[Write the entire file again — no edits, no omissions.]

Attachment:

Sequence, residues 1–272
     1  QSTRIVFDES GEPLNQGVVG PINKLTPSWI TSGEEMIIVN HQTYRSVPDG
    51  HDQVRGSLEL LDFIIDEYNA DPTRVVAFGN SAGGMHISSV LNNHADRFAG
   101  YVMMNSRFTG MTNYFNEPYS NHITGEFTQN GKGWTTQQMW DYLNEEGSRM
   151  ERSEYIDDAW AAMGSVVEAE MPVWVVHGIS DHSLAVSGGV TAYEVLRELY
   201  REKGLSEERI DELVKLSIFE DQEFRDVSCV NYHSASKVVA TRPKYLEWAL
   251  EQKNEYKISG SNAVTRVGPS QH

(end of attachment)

Sequence, residues 1–272
     1  QSTRIVFDES GEPLNQGVVG PINKLTPSWI TSGEEMIIVN HQTYRSVPDG
    51  HDQVRGSLEL LDFIIDEYNA DPTRVVAFGN SAGGMHISSV LNNHADRFAG
   101  YVMMNSRFTG MTNYFNEPYS NHITGEFTQN GKGWTTQQMW DYLNEEGSRM
   151  ERSEYIDDAW AAMGSVVEAE MPVWVVHGIS DHSLAVSGGV TAYEVLRELY
   201  REKGLSEERI DELVKLSIFE DQEFRDVSCV NYHSASKVVA TRPKYLEWAL
   251  EQKNEYKISG SNAVTRVGPS QH